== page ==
Reflections refer to the amount of light that will appear on a TV screen when there are other sources of light in the room. Some TVs take on a yellow tint when light is shining on them, and on others, objects that reflect on the screen are well defined and distracting. If you watch TV in a bright room, it’s important to get a TV that can handle reflections in a way that looks good in your setup.
For our TV reflections test, we take three photos: one of the TV reflecting a moderate amount of light, one with the same ambient light but the TV is powered off, and one with the TV powered off and reflecting a lot of light. We also measure the total amount of light reflected by the TV as a percentage of the luminance of the light source, then we remove specular (mirror-like) reflections and measure the amount of like reflected diffusely. We also verify the kind of screen finish that is used on the TV.
Update 2018/03/09: With the transition to the 1.2 test bench we have changed the way we are measuring reflections to provide more accurate results and to differentiate the total reflections (including mirror-like reflections), from the diffuse reflections. We also take photos with the screen off, to better show the reflection performance independent of the TV brightness. We have retested reflections for 42 models to transition them to the new test bench.
When it matters
If your television is in your living room, light can become quite an annoyance during daytime viewing. Light shining into your viewing area can reduce the perceivable contrast of the onscreen material, and if light is shining directly onto the screen, it can be very difficult to see through the reflection.
If you have lights in your room or sources of sunlight, the way reflections appear on your TV is going to be important. Keep in mind that all TVs reflect some amount of light, so you won't be able to totally avoid reflections if you watch TV in a bright room. It’s also worth mentioning that in bright rooms, it's not only how much light is reflected that is important, but also how bright a TV's backlight is capable of getting.
Picture (Average room)
Our first picture captures the amount of reflection that you would see with light sources of moderate strength shining on the TV. The TVs use our regular calibration settings for this photo, meaning they’re set for a dark room. If you watch TV in a dark room that sometimes or often has a bit of light opposite the TV, this test will be of some importance to you.
For this test, we display the image on the left on the TV and we set up and power on a lamp opposite the screen. We then take a photo. The TV’s backlight is set so that white emits at 100 cd/m2, which is appropriate for darker rooms. The two lights both have a color temperature of 6500k; one is the equivalent of 40W in strength, and the other is the equivalent of 60W.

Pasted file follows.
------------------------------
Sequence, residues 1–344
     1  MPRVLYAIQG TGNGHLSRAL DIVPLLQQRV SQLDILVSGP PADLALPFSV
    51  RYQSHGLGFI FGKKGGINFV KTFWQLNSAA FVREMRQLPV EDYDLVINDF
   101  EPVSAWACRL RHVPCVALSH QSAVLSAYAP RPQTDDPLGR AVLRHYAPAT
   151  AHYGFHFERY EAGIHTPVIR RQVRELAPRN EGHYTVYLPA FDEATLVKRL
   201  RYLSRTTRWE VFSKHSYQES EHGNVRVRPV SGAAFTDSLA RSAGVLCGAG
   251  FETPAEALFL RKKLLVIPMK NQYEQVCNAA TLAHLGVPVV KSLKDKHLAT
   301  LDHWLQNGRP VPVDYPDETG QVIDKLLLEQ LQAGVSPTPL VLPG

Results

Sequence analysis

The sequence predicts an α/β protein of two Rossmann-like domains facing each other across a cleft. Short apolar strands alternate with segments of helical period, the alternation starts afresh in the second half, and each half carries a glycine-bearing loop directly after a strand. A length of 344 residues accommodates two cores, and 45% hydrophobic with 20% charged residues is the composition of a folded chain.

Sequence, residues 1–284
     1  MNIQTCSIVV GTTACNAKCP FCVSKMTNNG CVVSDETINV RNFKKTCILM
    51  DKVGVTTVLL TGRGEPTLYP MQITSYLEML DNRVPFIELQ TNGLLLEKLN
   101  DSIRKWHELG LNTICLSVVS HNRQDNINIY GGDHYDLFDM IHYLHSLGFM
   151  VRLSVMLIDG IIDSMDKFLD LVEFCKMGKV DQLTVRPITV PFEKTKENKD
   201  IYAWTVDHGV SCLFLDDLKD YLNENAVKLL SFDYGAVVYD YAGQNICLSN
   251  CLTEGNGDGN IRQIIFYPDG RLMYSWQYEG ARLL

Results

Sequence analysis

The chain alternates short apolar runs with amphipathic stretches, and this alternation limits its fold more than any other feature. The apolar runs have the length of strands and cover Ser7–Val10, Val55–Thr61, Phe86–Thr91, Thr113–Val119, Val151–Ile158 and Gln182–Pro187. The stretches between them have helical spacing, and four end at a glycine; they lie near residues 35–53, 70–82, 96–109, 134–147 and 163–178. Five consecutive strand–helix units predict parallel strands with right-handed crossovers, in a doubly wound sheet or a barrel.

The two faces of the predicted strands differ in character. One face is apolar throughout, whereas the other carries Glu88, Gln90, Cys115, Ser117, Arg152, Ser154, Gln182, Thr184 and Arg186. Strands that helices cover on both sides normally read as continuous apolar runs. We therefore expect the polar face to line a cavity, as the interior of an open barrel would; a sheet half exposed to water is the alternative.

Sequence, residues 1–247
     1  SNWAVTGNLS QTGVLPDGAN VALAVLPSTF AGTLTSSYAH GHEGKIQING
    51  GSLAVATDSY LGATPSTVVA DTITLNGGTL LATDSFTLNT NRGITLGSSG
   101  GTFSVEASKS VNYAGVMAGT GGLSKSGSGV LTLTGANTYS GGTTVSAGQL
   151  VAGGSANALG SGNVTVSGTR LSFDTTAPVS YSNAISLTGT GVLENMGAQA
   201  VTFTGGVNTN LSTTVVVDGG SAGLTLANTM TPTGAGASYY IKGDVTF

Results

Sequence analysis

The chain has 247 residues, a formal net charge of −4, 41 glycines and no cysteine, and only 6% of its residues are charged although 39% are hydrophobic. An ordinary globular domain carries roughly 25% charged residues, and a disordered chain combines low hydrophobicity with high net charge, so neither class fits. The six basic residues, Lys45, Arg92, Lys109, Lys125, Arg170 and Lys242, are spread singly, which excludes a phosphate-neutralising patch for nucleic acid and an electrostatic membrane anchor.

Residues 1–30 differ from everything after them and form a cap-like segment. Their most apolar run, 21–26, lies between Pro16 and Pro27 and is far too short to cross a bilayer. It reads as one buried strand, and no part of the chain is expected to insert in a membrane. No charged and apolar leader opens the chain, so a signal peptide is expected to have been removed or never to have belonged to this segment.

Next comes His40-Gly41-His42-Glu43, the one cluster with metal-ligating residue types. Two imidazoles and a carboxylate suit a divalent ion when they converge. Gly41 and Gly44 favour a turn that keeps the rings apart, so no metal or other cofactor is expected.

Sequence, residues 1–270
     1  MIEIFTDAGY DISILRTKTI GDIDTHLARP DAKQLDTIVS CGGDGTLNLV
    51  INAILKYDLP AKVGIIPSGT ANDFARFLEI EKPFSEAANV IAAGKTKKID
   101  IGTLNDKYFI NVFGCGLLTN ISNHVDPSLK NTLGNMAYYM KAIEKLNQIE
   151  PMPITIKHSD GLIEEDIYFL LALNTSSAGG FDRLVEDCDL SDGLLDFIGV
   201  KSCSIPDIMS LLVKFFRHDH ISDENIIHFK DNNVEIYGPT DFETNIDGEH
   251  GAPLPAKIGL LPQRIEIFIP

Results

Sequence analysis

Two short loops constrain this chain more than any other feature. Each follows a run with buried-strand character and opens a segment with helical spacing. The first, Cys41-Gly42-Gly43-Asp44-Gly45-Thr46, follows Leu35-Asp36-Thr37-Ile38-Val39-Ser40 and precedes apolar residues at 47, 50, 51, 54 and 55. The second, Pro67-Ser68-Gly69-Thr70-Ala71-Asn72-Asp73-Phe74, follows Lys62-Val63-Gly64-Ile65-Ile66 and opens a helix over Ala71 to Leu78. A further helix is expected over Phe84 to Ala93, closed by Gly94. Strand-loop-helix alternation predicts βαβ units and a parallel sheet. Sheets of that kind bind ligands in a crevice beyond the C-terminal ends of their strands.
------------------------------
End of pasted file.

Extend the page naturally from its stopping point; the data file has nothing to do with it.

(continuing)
Picture (Average room, TV off)
We take a second picture of the TV with the same configuration as the average room picture described above. This time the TV is powered off to better show reflection characteristics independent of the TV content, and to show how the TV appears in dark scenes.
We take a third photo of the TV, this time with a much brighter source of light opposite the TV. This test is meant to simulate the kind of reflections you might experience in a bright room, with a window shining on the TV. If that’s a concern for your current setup, this test will be pretty important.
For this test, we turn off the TV and we set up and power on a few lamps (the two from the initial picture test + a softbox) opposite the screen, and then take a photo. The softbox has a color temperature of 5500k.
What it is:
The amount of light which is reflected off the screen, in all directions.
When it matters:
When watching TV in a bright room, with lamps, windows or walls which reflect directly off the screen.
Our total reflection test results tell you the actual amount of light reflected by the TV. This reflected light includes diffuse reflections (light which hits the TV from the side and then is reflected directly at the observer) and specular reflections (mirror-like reflections). This helps categorize TVs in terms of how much light they reflect.
To measure the amount of light a TV reflects, we power off the TV and use a sampling sphere with a lamp to light up a portion of the screen uniformly. We use a luminance meter to measure the light reflected off the screen from the uniform surround. We also measure the luminance inside the sphere, which is our source. We then note the reflection's brightness as a percentage of that of the source.
What it is:
The amount of light reflected off the screen, ignoring direct (mirror-like) reflections
When it matters:
Watching TV in a bright room, without sunlight or lamps directed at the TV